Emily Coltman of FreeAgent provides advice to recent IR35 questions in Any Answers. In this blog, she responds to mimil's query on how to charge for consulting work done outside of day-to-day running business.
The query here is whether a business would be within IR35. The circumstances are set out as:
“I'm using my own equipment, managing my own time, working on discrete projects/pieces of work & mostly working from home. On the other hand, I am charging a day-rate, they wouldn't expect substitution & I will have to attend face-to-face meetings once or twice a week at the client's office. I will only be working for one client, but will be balancing this with running my own business.”
This is a classic mixture of factors pointing away from, and towards, the contract being within IR35.
Apart from the obvious factors, the balance between the contractor’s consulting work and their own business is also interesting. The “own business” is defined only as an “internet-based business” and we do not know how, if at all, this business coalesces with the contractor’s due diligence consulting. For example, the business may be to provide template due diligence checklists. That said, for IR35 each engagement is considered in isolation, so the impact of the other business on any decision as to whether the consulting work is within IR35 would be minimal.
The day rate, as opposed to a project rate, may or may not be pivotal given that in many industries it is the norm to charge a rate per day.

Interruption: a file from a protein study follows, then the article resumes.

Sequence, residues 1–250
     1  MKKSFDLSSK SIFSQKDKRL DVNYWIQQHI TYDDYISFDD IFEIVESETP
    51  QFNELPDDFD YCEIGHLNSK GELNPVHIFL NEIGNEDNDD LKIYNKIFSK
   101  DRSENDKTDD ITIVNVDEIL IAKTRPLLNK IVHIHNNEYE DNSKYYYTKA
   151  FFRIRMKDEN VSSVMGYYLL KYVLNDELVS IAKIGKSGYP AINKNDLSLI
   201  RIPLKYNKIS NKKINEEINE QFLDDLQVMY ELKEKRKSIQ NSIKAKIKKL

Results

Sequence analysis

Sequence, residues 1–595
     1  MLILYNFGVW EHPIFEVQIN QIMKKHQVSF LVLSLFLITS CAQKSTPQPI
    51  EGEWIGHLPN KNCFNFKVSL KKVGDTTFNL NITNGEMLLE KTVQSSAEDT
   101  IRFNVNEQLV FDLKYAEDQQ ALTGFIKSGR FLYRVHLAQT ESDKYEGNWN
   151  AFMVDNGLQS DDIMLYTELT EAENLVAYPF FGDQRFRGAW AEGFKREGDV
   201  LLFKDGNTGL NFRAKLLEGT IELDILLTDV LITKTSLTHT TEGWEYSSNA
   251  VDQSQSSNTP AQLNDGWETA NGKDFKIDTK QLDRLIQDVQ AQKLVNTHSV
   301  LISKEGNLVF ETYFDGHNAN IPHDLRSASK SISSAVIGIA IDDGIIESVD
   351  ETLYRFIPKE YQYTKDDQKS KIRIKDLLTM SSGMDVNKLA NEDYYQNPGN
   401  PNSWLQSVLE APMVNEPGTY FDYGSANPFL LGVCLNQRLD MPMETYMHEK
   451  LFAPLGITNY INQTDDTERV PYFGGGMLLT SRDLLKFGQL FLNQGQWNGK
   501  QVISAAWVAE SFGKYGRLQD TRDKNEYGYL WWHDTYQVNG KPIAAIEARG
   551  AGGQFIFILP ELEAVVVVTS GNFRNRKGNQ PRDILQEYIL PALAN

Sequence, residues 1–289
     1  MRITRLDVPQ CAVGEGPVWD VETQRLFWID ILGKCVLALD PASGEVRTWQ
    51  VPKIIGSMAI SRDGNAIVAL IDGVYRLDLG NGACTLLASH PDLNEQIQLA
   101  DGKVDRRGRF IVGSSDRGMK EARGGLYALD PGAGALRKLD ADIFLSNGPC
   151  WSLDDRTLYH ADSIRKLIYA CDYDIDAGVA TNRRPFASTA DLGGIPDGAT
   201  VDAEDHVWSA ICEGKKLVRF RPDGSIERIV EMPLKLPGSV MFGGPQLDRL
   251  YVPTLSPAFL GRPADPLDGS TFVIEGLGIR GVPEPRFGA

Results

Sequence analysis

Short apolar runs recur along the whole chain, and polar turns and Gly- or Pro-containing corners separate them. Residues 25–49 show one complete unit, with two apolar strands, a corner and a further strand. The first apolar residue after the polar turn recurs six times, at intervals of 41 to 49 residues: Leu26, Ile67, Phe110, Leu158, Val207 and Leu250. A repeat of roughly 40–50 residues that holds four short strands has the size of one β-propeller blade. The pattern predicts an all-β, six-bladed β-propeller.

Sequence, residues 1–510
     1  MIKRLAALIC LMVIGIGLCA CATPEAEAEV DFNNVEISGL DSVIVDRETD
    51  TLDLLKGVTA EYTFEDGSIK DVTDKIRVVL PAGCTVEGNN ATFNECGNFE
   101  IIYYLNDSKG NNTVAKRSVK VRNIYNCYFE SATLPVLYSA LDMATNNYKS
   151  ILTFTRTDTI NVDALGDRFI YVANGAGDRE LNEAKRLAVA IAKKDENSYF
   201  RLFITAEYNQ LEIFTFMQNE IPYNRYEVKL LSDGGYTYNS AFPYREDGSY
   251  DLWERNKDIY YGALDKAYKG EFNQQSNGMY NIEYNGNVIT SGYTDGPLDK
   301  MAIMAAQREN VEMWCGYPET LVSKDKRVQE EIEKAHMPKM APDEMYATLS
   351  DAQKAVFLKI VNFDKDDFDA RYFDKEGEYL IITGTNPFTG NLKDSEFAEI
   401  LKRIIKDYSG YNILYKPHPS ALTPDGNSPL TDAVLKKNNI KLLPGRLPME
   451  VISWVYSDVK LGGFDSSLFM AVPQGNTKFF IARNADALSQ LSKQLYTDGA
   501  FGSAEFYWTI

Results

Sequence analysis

There are also further questions that would need to be asked.
Regarding substitution, the contractor says only that the client “wouldn’t expect substitution”. Whether substitution is expected or not, the key here is whether substitution would be permitted or whether personal service is required, and, if a substitute is sent, whose responsibility - the contractor’s or the client’s - it is to pay that person. In the case of Ready Mixed Concrete (South East) Ltd vs Minister of Pensions and National Insurance, which also had a variety of factors pointing in different directions, any substitute lorry driver had to be paid by the contractor.
The contractor has not mentioned the control factor, which is pivotal to many IR35 cases. The contractor says he is “managing my own time”, but whether the client has the right to tell the contractor how as well as when to do the work is not explained, and this would be important. In the Ready Mixed Concrete case, the fact that the company did not tell the lorry driver what routes to take or how to drive the truck was picked up as a key factor in the decision that the lorry driver was engaged under a contract for services.
Also, we have not heard what, if any, mutuality of obligation there is. Is the client obliged to provide the contractor with work and is the contractor then obliged to accept it? What would happen if the contractor arrived at the client’s site to find the project had stalled - would the contractor be paid for his time anyway, or not?
My opinion is that we need a good deal more information to make a judgement on whether this contract is within IR35.